For anyone working in the aviation industry or who has traveled on a plane, the news that a Virgin Atlantic flight had to turn back to London Heathrow after one of the pilots suffered an eye injury due to a laser pointer aimed at the cockpit is distressing—but certainly not surprising. This has become a growing problem, and is especially worrying now that the lasers used vary from harmless presentation laser pointers to laboratory-strength lasers that can blind. In the United States alone, there are now more than 5,000 reported incidents a year, and more than 1,400 incidents in the U.K. Virtually all professional pilots have either experienced it themselves, or know someone who has.
The British Airline Pilots Association (BALPA), which tends towards the reactionary but certainly always has safety as its highest priority, has called for high-powered lasers to be registered as an offensive weapon. Certainly in my mind the crew did the right thing by turning back, making a “pan” call to declare an “urgency,” then terminating the flight safely rather than risk crossing the Atlantic with only one able pilot. It seems that the crew initially proceeded while they assessed the damage to the pilot’s eyes, before deciding that he wasn’t going to recover quickly and the best thing to do was land back at Heathrow as soon as they could.
The damage a laser can do to the human eye is well understood. When it strikes the eye, the parallel laser light beam is focused onto a small area of the retina at the back of the eye, where the energy intensity is sufficient to cause temporary or permanent damage. Obviously, a pilot with even temporary eyesight damage is potentially unable to safely manage their aircraft and perform a safe landing.
At the moment, we don’t know if this is a problem that can be solved. While there are goggles that can protect against lasers, these need to be adjusted to a laser beam’s frequency, which assumes you know what that is. This is fine when designing safety procedures in a lab, or even for military pilots using laser designators for targeting weapons, but no use at all in cases when the laser in question is entirely unknown. The effect of goggles that block any potential laser beam that could be out there would in effect create smoked glass goggles—not such a good idea for a pilot who must focus on details outside the aircraft and also instruments inside, particularly at night.
So clearly BALPA is right that striking aircraft with a laser should be treated as a criminal act, and certainly in the U.S. hefty prison sentences are being handed out. In Britain, while shining a laser at an aircraft is illegal, our legal system doesn’t seem to have yet properly grasped the severity of these actions and although some jail sentences are handed out, too many receive conditional sentences and token fines of just a few pounds.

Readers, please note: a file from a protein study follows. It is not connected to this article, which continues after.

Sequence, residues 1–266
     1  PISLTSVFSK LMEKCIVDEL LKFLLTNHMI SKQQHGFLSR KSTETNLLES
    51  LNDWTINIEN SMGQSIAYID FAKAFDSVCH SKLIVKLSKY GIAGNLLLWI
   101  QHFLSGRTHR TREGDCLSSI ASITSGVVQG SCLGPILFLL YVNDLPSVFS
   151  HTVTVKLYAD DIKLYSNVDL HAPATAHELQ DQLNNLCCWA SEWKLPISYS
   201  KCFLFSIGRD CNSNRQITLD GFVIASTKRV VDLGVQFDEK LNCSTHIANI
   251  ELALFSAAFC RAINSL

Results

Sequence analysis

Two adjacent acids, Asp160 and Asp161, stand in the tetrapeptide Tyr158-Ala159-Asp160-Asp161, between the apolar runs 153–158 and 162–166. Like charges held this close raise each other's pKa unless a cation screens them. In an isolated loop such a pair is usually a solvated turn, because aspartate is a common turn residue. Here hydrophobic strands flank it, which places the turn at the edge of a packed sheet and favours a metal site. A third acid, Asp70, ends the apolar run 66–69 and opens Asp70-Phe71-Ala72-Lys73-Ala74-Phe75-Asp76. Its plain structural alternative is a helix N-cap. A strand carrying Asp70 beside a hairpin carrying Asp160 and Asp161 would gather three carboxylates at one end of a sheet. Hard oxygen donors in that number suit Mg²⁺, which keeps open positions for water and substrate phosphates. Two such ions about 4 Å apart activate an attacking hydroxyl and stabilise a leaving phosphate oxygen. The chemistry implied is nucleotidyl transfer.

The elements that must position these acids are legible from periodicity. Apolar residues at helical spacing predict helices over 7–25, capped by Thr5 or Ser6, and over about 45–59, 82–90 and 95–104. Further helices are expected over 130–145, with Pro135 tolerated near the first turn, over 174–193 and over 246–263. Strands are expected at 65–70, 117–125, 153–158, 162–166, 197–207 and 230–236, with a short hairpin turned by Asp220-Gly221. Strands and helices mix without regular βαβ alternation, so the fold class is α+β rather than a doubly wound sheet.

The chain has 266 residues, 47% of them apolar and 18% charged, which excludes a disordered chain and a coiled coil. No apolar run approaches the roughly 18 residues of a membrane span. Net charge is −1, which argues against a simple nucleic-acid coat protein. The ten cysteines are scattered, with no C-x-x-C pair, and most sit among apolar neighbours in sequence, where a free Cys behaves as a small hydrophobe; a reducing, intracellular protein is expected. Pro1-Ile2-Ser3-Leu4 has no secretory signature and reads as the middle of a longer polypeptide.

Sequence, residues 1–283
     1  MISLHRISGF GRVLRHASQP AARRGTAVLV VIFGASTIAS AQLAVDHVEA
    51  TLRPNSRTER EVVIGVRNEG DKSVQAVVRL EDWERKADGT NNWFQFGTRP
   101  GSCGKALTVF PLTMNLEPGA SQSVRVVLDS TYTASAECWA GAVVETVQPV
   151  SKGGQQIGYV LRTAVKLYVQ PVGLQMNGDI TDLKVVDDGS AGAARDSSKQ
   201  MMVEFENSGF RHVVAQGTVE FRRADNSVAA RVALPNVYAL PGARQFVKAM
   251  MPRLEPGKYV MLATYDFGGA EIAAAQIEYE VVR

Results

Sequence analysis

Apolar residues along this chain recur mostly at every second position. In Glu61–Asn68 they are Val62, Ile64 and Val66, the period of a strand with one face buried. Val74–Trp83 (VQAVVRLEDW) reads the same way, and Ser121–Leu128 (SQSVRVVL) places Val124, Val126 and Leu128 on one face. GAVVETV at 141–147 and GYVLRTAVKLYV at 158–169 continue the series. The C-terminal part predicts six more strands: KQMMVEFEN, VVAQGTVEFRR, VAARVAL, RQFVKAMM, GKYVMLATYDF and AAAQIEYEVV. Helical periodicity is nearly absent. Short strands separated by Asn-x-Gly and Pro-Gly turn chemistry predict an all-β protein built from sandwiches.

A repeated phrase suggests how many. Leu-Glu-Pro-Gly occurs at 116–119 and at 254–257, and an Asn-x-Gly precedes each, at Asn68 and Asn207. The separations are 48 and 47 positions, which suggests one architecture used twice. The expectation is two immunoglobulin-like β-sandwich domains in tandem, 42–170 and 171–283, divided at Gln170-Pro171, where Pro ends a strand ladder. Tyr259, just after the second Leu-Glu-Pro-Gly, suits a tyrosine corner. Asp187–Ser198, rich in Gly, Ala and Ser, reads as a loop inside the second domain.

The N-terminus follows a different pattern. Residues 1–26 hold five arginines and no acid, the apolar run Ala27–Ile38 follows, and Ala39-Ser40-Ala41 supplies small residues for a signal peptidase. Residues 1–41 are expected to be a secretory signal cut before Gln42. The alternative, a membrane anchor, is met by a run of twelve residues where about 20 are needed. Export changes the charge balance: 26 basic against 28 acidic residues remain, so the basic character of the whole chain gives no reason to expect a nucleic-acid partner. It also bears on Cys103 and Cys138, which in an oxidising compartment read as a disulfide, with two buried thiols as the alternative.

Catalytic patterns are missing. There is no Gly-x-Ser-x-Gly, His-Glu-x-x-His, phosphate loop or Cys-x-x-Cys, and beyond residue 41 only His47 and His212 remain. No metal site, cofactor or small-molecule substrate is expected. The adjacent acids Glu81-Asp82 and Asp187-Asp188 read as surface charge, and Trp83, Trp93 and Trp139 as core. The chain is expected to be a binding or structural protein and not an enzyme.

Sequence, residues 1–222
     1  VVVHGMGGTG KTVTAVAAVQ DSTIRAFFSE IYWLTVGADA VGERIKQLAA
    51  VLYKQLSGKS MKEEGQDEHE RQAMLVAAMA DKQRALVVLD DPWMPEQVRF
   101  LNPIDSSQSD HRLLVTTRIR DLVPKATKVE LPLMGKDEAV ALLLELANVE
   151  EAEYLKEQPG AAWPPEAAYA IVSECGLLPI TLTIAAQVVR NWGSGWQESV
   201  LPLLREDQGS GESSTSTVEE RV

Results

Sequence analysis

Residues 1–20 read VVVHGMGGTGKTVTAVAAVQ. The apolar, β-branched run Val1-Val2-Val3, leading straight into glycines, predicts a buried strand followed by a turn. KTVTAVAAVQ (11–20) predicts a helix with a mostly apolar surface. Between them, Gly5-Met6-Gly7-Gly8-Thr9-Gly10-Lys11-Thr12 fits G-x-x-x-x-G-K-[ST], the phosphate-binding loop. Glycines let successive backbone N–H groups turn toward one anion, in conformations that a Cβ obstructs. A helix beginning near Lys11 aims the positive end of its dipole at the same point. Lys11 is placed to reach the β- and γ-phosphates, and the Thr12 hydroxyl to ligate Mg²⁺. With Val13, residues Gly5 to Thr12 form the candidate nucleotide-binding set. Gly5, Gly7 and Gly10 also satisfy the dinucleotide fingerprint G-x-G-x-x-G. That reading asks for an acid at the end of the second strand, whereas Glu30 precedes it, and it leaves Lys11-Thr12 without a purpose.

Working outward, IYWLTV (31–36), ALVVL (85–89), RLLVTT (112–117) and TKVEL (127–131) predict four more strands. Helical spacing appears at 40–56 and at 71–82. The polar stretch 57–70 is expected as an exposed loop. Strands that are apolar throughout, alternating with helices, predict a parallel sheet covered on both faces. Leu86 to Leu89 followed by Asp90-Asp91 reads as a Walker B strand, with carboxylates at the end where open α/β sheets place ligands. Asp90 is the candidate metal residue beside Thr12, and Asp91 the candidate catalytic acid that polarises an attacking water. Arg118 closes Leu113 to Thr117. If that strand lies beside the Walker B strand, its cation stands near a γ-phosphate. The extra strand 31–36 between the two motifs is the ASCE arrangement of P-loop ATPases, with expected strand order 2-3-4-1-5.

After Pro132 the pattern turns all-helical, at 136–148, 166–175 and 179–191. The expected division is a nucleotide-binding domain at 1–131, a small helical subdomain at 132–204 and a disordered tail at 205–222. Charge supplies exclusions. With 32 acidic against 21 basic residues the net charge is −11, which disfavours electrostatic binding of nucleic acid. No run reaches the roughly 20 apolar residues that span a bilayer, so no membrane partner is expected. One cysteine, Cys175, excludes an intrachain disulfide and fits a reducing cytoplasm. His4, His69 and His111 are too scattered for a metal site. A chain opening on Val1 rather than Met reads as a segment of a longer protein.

It’s fair to say that all those flying an airliner prefer the U.S. approach—although everybody recognizes that in any country the police face an uphill struggle. When a laser strikes an aircraft from within a built-up area, even if the crew are able to identify the street or tower block from where it was fired, the chances of police catching the culprit are tiny. Yet, even while lasers have many legitimate uses, powerful devices can be bought from thousands of sites online. Making it a criminal offence to own lasers above the small size used in a typical classroom pointer is probably futile now, although it’s a route that’s been followed in Australia.
Pilots are now trained in how to handle laser attacks, and the safe way in which this incident with the Virgin flight was handled shows that training in action. But it doesn’t take much of a leap of imagination to see that with a single-pilot police helicopter or air ambulance, over a crowded city, a laser attack could end in tragedy even with the best training and equipment in the world.
The solution is going to require a combination of educating the public about the risks of misusing lasers, finding ways to help the police to identify and catch those who misuse them, and for the whole community to co-operate in treating anybody who deliberately points lasers at an aeroplane or helicopter as the dangerous criminal they are.
Guy Gratton is a visiting senior research fellow in aeronautics at Brunel University London. This article was originally published on The Conversation.